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Countering Urban Terrorism in Russia and the United States: Proceedings of a Workshop In one of a series of articles on threats, a reporter for The Washington Post wrote, “Nuclear scientists tend to believe the most plausible route for terrorists would be to build a crude device using stolen uranium from the former Soviet Union. Counterterrorism officials think Bin Laden would prefer to buy a readymade weapon stolen in Russia or Pakistan and to obtain inside help in detonating it.”10 ACCESS TO SPECIAL NUCLEAR MATERIAL In discussing the future threats to the United States, the National Commission on Terrorist Attacks Upon the United States wrote, “A complex international terrorist operation aimed at launching a catastrophic attack cannot be mounted by just anyone in any place. Such operations appear to require [among many factors] … access, in the case of certain weapons, to the special materials for a nuclear, chemical, radiological, or biological attack… ”11 Keeping HEU and plutonium out of the hands of terrorists is the most important action in protecting against use of nuclear devices by such groups. This requires protection of materials at the storage locations, tracking of materials when in transit, and an accounting system that enables authorities to verify amounts at locations. Both Russia and the United States have devoted efforts to improve the materials protection, control, and accounting (MPC&A) systems in Russia, with the United States having contributed hundreds of millions of dollars to upgrade security at locations where HEU and plutonium are stored. There continue to be concerns about a black market for these materials, with periodic reports of small amounts being found by inspectors. In a 2003 workshop, a Russian official wrote, “A fundamental component in the creation of a state system for countering the illegal circulation of radioactive material is the development of devices for their detection, location, and identification and the provision of such instruments to the structural components of the system.”12 There are other very significant amounts of radioactive materials in the United States and Russia.13 Both countries have large quantities of spent nuclear 9 NRC Committee on End Points for Spent Nuclear Fuel and High-Level Radioactive Waste in Russia and the United States. 2003. End Points for Spent Nuclear Fuel and High-Level Radioactive Waste in Russia and the United States. Washington, D.C.: The National Academies Press. 10 The Washington Post. Linzer, D. December 28, 2004. Nuclear Capabilities May Elude Terrorists, Experts Say. 11 National Commission on Terrorist Attacks Upon the United States. 2004. Pp. 366–367 in The 9/11 Commission Report. New York: W. W. Norton and Company. 12 Kutsenko, V. M. 2004. International Aspects of Creating a State System for Countering the Illegal Circulation of Radioactive Materials in the Russian Federation. P. 161 in Terrorism—Reducing Vulnerabilities and Improving Responses: U.S.-Russian Workshop Proceedings. Washington, D.C.: The National Academies Press.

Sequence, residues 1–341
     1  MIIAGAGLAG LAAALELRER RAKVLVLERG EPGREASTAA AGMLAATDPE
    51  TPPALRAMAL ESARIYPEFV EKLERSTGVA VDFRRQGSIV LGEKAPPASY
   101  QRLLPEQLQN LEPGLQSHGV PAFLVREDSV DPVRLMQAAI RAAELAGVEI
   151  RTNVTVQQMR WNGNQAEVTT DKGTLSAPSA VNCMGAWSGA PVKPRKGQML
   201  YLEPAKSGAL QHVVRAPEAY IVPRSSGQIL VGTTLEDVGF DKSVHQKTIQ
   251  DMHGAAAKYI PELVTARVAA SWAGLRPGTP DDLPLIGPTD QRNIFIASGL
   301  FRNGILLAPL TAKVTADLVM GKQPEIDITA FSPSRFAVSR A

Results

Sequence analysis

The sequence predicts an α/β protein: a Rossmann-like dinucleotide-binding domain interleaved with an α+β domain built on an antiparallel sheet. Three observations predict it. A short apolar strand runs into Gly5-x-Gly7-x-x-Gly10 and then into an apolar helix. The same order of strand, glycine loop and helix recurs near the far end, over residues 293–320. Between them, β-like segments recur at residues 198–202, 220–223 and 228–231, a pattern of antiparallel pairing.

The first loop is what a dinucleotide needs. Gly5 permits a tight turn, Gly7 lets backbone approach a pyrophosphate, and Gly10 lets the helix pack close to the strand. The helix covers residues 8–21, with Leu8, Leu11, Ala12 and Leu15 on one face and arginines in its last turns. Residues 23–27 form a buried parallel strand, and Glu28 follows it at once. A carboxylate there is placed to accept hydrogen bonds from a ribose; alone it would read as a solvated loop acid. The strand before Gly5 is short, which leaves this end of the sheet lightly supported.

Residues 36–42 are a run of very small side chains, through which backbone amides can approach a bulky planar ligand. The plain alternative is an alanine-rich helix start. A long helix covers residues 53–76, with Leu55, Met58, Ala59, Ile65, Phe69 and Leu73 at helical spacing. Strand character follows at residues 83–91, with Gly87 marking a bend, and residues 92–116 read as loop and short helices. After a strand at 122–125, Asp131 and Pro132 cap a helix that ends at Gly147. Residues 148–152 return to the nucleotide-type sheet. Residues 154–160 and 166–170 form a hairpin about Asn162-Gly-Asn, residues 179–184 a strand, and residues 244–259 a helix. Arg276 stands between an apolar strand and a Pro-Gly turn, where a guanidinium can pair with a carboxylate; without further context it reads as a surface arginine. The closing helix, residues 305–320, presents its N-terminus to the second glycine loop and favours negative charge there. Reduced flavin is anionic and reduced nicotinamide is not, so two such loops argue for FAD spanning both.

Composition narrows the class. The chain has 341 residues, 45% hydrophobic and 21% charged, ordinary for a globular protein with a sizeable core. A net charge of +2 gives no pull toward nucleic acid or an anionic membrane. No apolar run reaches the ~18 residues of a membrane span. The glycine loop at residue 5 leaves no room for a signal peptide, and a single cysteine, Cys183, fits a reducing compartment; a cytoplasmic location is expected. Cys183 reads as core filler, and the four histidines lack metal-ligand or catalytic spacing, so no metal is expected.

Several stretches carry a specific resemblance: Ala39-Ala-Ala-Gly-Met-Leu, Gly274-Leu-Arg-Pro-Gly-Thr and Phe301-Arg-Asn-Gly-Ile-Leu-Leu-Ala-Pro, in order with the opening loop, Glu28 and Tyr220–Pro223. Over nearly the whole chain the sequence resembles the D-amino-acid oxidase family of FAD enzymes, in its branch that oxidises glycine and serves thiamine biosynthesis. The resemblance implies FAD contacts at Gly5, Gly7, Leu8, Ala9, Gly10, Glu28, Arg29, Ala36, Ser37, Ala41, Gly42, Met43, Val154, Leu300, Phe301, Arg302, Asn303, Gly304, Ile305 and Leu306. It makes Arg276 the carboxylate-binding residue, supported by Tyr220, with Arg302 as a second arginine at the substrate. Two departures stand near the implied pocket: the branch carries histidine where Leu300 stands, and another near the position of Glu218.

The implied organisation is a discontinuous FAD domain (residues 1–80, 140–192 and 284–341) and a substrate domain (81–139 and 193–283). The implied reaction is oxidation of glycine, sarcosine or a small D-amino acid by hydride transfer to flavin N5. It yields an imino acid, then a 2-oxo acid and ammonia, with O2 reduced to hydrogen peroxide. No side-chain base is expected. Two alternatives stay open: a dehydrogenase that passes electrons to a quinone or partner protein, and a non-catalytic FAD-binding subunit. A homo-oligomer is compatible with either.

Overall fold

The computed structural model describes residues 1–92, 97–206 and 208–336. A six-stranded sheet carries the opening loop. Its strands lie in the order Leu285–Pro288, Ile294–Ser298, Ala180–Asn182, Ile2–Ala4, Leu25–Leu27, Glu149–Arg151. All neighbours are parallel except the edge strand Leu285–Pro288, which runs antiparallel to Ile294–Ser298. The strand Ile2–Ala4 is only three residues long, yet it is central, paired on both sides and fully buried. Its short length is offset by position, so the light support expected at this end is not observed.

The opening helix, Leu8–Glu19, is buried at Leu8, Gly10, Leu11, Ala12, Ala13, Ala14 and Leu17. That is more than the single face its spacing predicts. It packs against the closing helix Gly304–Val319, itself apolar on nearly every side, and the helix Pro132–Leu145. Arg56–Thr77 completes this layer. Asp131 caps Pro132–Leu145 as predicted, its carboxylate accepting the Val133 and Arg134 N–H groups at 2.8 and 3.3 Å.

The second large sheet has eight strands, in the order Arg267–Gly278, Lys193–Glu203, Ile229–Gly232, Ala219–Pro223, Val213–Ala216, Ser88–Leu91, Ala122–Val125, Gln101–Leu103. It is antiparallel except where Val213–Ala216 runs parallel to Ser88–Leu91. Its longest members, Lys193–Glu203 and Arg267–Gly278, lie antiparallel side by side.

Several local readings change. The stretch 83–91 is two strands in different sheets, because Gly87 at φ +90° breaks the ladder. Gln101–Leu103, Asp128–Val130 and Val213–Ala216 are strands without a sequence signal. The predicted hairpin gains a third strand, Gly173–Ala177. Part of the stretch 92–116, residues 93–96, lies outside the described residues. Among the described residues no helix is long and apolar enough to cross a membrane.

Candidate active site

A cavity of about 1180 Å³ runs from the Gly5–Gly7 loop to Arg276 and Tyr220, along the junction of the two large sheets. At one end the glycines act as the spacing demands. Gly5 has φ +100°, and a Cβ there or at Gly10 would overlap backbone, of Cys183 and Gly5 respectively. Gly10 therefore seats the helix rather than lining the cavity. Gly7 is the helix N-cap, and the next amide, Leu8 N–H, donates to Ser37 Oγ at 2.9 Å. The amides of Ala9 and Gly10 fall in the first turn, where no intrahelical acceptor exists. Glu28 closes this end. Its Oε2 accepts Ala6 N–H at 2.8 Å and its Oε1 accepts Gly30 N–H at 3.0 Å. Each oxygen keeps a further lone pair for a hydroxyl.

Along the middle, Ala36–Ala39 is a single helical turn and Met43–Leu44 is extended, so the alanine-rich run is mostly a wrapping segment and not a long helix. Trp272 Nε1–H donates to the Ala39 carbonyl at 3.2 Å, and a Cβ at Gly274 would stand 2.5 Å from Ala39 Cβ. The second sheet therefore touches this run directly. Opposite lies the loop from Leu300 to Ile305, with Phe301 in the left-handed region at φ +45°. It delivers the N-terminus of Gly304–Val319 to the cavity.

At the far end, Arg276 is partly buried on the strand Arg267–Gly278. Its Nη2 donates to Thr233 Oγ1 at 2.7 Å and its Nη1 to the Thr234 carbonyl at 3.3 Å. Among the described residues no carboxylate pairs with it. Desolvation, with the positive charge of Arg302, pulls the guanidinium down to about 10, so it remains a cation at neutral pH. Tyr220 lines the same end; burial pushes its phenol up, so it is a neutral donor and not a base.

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Countering Urban Terrorism in Russia and the United States: Proceedings of a Workshop fuel, that is, fuel removed from reactors after useful fuel life. This spent nuclear fuel is highly radioactive and thus might be seen as a potential material to be used with conventional explosives to construct an improvised radiological device, or dirty bomb. The amounts of such material are vast, but the difficulties of using it are also large because of the intense radiation field associated with spent fuel. Similarly, liquid and, in some cases, solid radioactive wastes are also stored in large amounts in the United States and Russia. Waste is unlikely the material of choice for a device due to difficulty of access, radiation fields associated with the waste storage areas, and difficulty of using it in a device. However, such storage areas do present targets for explosive dispersal. The U.S. Nuclear Regulatory Commission has increased the design basis threat against which U.S. nuclear power plant operators are required to defend. The Department of Energy (DOE) also has increased the design basis threat against which DOE nuclear laboratories and other nuclear facilities must defend. CONCLUSIONS In all these cases, including radiological sources and so-called dirty bombs, the words nuclear and radioactive can cause fear and, if stressed enough, panic. The fear associated with these words is hard to counter. It has been called radiophobia,14 and “it is generally agreed that the greatest consequences of an RDD are public fear and the potentially enormous cleanup costs along with the consequent economic losses.”15 The U.S. National Academies and the Russian Academy of Sciences have worked together for a half-century.16 There is no issue more important for these two institutions than to continue mutual efforts on nonproliferation, including efforts to reduce the threats of radiological terrorism. 13 NRC Committee on End Points for Spent Nuclear Fuel and High-Level Radioactive Waste in Russia and the United States. 2003. End Points for Spent Nuclear Fuel and High-Level Radioactive Waste in Russia and the United States. Washington, D.C.: The National Academies Press. 14 Bolshov, et al., op. cit., p. 137. 15 Hecker, S. S. 2002. Nuclear Terrorism. P. 151 in High-Impact Terrorism: Proceedings of a Russian-American Workshop. Washington, D.C.: National Academy Press. 16 Schweitzer, G. E. 2004. Scientists, Engineers, and Track-Two Diplomacy: A Half-Century of U.S.-Russian Interacademy Cooperation. Washington, D.C.: The National Academies Press.